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American Association for Hand Surgery
Meeting Home Accreditation Final Program
Theme: Inclusion and Collaboration Theme: Inclusion and Collaboration

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Elbow trauma and plasminogen deficiency showing functional deficits in an animal model
Sandra Susanne Gebhart, MD1; Jon Schoenecker, MD, PhD1; Mihir J Desai, MD1; Stephanie N Moore, MS2; William Oelsner, BS3; (1)Vanderbilt Orthopaedics, Nashville, TN, (2)Vanderbilt University, Nashville, TN, (3)Medical University of South Carolina, Charelston, SC

BACKGROUND: Elbow stiffness and loss of motion is a debilitating condition, precluding patients from performing activities from daily living. Previous investigations of heterotopic ossification and joint contracture of the elbow in animal models have focused on local contributions to elbow stiffness, thereby underscoring the variety of clinical scenarios in which HO, fibrosis, and impaired range of motion can develop. Recently, our lab has determined that plasmin, the pain protease of the fibrinolytic system is essential for virtually all tissue repair processes including the inhibition of calcification of damaged skeletal muscle following trauma. Therefore, we hypothesize that systemic changes in plasminogen, the zymogen of plasmin, in combination with a large tissue injury to the peri-elbow musculature, will results in impaired elbow function and stiffness.

Methods: Investigator induced plasminogen deficiency was accomplished via targeted antisense oligonucleotide administration. Mice underwent cardiotoxin-induced peri-elbow muscle injury at 6 weeks of age. Histological analysis, quantification of skeletal muscle calcification and HO, assessment of fibrosis, and functional testing was performed 28 days following injury.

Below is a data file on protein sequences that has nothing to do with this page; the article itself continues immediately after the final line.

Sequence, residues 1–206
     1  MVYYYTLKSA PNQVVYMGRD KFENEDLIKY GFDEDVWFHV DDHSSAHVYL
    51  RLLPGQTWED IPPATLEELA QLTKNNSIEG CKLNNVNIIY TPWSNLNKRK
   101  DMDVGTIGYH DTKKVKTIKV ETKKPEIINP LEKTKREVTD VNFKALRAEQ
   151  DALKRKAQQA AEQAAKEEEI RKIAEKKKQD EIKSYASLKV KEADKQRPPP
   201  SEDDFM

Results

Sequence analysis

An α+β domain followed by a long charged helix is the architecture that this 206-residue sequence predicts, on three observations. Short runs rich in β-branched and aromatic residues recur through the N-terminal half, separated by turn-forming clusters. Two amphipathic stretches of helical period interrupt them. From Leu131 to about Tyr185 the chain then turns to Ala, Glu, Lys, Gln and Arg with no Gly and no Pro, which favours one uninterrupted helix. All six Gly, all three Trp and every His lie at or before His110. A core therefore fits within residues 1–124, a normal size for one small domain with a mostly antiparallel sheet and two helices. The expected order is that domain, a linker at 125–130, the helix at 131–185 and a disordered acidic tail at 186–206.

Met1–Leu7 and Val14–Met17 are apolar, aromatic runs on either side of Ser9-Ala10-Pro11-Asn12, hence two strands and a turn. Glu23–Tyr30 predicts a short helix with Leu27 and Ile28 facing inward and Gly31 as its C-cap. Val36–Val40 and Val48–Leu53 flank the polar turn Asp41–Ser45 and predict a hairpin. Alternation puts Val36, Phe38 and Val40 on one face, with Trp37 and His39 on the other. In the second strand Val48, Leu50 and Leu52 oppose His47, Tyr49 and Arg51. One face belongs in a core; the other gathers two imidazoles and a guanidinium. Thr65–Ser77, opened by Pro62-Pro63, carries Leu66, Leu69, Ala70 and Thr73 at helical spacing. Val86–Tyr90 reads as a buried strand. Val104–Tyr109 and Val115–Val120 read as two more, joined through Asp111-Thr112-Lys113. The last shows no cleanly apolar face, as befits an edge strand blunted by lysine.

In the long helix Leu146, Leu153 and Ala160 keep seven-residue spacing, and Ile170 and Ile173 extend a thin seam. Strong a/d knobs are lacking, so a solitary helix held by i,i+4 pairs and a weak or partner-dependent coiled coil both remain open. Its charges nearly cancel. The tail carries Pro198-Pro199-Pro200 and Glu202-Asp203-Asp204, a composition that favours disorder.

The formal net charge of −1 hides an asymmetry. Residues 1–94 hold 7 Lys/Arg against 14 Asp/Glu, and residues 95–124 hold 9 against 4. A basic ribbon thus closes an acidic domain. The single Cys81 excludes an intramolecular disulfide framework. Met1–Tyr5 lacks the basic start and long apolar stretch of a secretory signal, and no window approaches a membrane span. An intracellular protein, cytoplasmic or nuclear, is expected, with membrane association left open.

Results: Loss of plasminogen, in combination with peri-elbow skeletal muscle injury resulted in delayed skeletal muscle repair, fibrosis, and chronic inflammation. Skeletal muscle endochondral ossification was observed within damaged tissues. Finally, we observed a detectable loss of upper extremity function, phenocopying the functional changes observed in the clinic.

CONCLUSIONS: This model represents a validated, reliable, preclinical model that phenocopies the human disease. To our knowledge, this is the first reproducible, clinically relevant upper extremity animal model of elbow stiffness that involves meaningful functional outputs.

CLINICAL RELIVENCE: Given the well described hypofibrinolytic state experienced by trauma patients, this clinically relevant model provides the opportunity to examine potential therapeutics options for limiting upper extremity joint contracture and stiffness following injury. Moreover, by providing a direct link between plasminogen deficiency and impaired elbow function, this proof-of-concept investigation identifies a single pharmacologic target which, if enhanced may protect both elbow function and muscle regeneration following traumatic injury.

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